MadSci Network: Microbiology

Re: why won't bacteria grow in a high sugar environment?

Date: Tue Mar 7 20:48:49 2000
Posted By: George Stearns, Grad student, Food Microbiology, University of Nebraska-Lincoln
Area of science: Microbiology
ID: 952455753.Mi

The question that Cassi asked "why won't bacteria grow in a high sugar environment?" is a good one. The principal behind bacteria not growing in this type of environment is actually one of the common food preservation techniques that have been used for centuries, even though people may not have known how they were actually preserving the food. The reason for most bacteria's inability to grow in a high sugar environment is the same as the reason for their inability to grow in high salt environments.

Both sugar and salt bind up the water and thus makes the water unavailable to the bacteria to use. In essence, while the environment may seem like it has a lot of water in it, most of the water is tied up by the salt or sugar. Bacteria require a certain amount of "available" water to survive and grow. Spoilage of jams and jellies is usually due to molds and not bacteria because of the high sugar content. Molds do not require as much water for growth and survival as most bacteria.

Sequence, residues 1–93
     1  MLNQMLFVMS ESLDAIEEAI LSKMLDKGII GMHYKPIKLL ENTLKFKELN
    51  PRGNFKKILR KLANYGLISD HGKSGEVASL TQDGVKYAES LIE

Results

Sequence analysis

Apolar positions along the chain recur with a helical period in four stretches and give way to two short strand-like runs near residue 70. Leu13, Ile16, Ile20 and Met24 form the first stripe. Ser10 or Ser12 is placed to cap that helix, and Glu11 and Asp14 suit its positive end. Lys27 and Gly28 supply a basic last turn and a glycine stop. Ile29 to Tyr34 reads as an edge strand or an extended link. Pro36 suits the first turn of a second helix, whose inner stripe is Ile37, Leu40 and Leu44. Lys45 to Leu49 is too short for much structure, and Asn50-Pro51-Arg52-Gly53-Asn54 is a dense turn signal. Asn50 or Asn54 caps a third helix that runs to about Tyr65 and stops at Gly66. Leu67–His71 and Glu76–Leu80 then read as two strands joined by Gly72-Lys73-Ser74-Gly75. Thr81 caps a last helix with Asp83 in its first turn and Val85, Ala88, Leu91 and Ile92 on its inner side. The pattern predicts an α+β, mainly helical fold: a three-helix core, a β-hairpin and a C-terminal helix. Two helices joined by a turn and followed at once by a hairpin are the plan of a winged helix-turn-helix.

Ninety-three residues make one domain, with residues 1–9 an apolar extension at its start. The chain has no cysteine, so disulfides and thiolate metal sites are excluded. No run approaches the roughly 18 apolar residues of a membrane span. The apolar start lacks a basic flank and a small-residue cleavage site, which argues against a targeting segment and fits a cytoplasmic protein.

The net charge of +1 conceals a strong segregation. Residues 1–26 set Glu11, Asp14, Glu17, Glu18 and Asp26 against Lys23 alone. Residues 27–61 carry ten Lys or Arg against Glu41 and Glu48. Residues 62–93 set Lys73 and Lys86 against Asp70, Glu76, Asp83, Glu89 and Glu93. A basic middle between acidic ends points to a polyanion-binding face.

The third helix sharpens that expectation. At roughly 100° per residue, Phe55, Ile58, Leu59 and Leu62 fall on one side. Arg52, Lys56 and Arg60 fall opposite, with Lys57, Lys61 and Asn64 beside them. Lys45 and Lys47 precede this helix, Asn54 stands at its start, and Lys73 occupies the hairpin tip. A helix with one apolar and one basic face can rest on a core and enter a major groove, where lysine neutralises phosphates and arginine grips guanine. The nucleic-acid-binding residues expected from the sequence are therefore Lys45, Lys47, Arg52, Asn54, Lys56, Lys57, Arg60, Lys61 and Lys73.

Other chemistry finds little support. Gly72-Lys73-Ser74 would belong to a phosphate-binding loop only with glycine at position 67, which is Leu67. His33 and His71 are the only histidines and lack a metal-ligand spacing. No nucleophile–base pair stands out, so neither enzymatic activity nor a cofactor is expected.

There are some bacteria that can grow in situations where there is a high salt or sugar content, but these species are usually not found in the bathroom. I am not familiar with a "high sugar agar" so I do not know the sugar concentration. If any bacteria do grow on the agar they would most likely will be species of Staphylococcus (Staph). Staph has an higher salt tolerance than many other bacteria. If you need an actual source that states this information any Food Microbiology textbook with a section on food preservation techniques should serve the purpose.

I would like to encourage Cassi to pursue her interest in being a Food Scientist. There are many different aspects of Food Science that a person can pursue. Due to the variety of subjects under the realm of Food Science anyone can find an area that matches their strengths. Food Engineering requires someone with good math skills and a desire to learn engineering. Food Chemistry relies on people with an aptitude for chemistry. There are many different aspects to the field and there are many good universities that offer degrees in Food Science. I wish Cassi the best of luck in pursuing her goal of becoming a Food Scientist.

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